Prof's book on drug use in Iran wins 2 awards
3:15 p.m., Jan. 5, 2007--A fascinating paradox in Iran is the religious ban against alcohol and drugs and their continual use throughout Iranian history, according to Rudi Matthee, UD professor of history, who has written the award-winning book, The Pursuit of Pleasure, Drugs and Stimulants in Iranian History, 1500-1900. Matthee's expertise is Middle Eastern history, and his research focuses on early modern Iran and the Persian Gulf.
Published by the Princeton University Press, The Pursuit of Pleasure has been awarded both the Albert Hourani Book Award from the Middle East Studies Association of North America and the Said Sirjani Award for the best book on Iran from the International Society for Iranian Studies.
In a review, Michael Pearson wrote in itinerario, a journal published by the University of Utrecht, “This is an extremely successful foray into the social history of Iran in the early modern period. This is a very rich and readable book....”
Stephen Dale of Ohio State University wrote, “This excellent, well-written book is likely to become a classic work on the subject of drugs and stimulants both in Iran and the wider Islamic world....”
As an undergraduate majoring in Arabic and Persian language and literature at the University of Utrecht, Matthee, who is from the Netherlands, spent a year studying in Iran and has visited the country frequently. At first, he was segregated with other foreign students, he recalled, but later arranged to attend classes at the University of Tehran with Iranian students. He also studied in Egypt for two years.
His interest in alcohol, drugs and stimulants, such as coffee, tea and tobacco, as an influential force in history began when he was a graduate student at the University of California Los Angeles (UCLA), where he received his doctorate in Islamic studies. His professor, Nikki Keddie, had been invited to take part in a forum in London on the role of drugs and narcotics in world history and asked Matthee to do some preliminary studies on the topic. When he finished his research, she suggested that he go in her place and present his paper.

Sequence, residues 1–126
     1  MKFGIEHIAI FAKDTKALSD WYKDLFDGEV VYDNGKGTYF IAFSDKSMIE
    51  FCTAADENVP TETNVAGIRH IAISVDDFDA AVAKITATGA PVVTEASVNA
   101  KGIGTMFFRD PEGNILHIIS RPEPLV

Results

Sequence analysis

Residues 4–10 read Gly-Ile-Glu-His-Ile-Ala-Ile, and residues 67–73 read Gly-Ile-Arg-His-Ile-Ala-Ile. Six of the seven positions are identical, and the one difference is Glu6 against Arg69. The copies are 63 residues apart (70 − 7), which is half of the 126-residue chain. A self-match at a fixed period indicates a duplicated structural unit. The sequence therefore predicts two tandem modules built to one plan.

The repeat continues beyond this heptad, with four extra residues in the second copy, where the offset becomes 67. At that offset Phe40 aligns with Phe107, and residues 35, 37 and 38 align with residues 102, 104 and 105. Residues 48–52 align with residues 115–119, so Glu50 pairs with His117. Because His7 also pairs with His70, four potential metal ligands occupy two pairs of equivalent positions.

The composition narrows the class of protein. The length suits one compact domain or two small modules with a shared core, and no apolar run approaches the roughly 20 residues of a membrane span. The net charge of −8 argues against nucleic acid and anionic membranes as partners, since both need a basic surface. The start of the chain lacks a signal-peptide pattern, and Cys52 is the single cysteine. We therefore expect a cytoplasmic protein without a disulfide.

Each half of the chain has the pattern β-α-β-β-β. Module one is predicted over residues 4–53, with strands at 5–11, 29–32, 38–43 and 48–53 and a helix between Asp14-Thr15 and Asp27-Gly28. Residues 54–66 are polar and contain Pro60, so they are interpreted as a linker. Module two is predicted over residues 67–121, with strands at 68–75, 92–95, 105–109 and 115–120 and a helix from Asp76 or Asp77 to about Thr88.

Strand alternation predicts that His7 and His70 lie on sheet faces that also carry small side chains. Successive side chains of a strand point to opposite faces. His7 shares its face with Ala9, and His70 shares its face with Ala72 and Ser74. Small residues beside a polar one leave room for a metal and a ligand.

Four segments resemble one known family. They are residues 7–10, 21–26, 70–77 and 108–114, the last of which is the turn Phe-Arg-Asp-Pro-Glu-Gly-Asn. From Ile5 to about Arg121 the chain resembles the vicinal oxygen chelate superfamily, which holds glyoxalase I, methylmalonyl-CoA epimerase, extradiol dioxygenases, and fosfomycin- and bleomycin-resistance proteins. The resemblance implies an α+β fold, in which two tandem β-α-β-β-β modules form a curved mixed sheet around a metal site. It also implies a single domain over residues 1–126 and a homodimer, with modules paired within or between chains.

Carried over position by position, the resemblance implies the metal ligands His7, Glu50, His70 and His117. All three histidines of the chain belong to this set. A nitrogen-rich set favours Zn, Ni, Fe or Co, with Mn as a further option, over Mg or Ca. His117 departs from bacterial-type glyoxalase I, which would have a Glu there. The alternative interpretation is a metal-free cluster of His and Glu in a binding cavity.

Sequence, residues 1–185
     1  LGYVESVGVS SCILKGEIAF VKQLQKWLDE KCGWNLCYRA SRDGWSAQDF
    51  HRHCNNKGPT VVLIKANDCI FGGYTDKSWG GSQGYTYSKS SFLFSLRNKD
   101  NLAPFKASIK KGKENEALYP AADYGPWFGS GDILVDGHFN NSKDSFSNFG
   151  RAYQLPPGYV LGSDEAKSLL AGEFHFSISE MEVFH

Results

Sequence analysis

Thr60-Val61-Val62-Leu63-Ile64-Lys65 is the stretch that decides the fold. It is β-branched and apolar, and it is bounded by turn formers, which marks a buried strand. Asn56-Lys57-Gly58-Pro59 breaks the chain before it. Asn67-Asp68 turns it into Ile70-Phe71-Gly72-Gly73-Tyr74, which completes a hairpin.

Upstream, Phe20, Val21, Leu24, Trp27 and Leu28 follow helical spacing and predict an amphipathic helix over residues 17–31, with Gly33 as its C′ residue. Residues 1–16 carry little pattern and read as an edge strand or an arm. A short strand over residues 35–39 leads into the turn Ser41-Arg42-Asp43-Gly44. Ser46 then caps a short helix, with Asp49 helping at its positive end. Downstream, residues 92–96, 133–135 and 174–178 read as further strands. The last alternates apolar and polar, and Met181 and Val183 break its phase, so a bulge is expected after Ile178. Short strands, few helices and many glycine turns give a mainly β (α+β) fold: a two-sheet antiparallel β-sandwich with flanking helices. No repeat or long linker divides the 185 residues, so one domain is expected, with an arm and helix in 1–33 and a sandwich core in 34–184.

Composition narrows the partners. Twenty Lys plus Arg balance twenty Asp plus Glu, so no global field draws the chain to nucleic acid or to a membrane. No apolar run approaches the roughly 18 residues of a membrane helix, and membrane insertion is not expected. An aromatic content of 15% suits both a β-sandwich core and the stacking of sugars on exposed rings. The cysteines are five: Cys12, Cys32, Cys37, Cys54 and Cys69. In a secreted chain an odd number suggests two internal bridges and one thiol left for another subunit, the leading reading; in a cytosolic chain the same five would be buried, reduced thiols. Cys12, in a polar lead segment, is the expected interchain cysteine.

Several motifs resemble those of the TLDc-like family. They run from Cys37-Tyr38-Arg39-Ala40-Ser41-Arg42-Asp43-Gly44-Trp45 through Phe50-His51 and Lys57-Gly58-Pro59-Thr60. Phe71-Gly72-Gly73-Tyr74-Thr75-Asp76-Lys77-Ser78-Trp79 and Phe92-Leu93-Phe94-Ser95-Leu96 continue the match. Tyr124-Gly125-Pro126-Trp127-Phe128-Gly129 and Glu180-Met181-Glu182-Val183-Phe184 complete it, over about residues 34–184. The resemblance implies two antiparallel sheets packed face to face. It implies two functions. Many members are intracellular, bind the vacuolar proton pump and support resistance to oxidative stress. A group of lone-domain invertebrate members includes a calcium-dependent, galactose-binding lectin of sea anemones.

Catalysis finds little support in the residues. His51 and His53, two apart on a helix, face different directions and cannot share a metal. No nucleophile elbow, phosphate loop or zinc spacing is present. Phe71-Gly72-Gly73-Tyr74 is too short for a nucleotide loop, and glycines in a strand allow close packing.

In The Pursuit of Pleasure, Matthee writes, “Drugs and stimulants form the prism through which I view Iranian society” as “emblems of cultural processes and meaning as well as signifiers...of evolutionary change....”
His book covers Safavid and Qajar Iran from the 15th through the 19th centuries. The country produced its own wine, and the early nomadic shahs were expected to drink heavily as a part of their masculine, warrior image, Matthee said. Later, the shahs drank more moderately as they became more domesticated, but drinking has always been associated with the elite class.
His book also discusses the uses of opium. Unlike wine, which was for the elite, people of all classes used opium but usually not in such great amounts that it impaired their daily activities, he said.
Tobacco, with its accompanying rituals with water pipes, was introduced in the 16th century and was immediately popular. When the shah gave control over Iran's tobacco crops in 1890 to a British subject, it began a revolt that ultimately became the Constitutional Revolution of 1905-11, weakening the authority of the shahs.
Coffee and tea, the favorite drink of Iranians, also were introduced. Coffee houses sprang up but the government frequently outlawed them as threats to authority.
Matthee wrote, “the study's larger objective is to offer a social history of ways in which Iranians have approached drugs and stimulants since 1500, adapting them to their cultural environment or adapting their cultural environment to them.”
Matthee joined the UD faculty in 1993. He is the author of The Politics of Trade in Safavid Iran: Silk for Silver, 1600-1730, which received the Iranian Ministry of Culture's award for the best non-Persian book on Iranian history in 1999, and co-editor of Iran and Beyond: Essays in Honor of Nikki R. Keddie and Iran and the Surrounding World: Interactions in Culture and Cultural Politics. Matthee was a fellow at the Institute for Advanced Study at Princeton University in 2002-03 and has served as president of the Association of Persian-Speaking Societies.
Article by Sue Moncure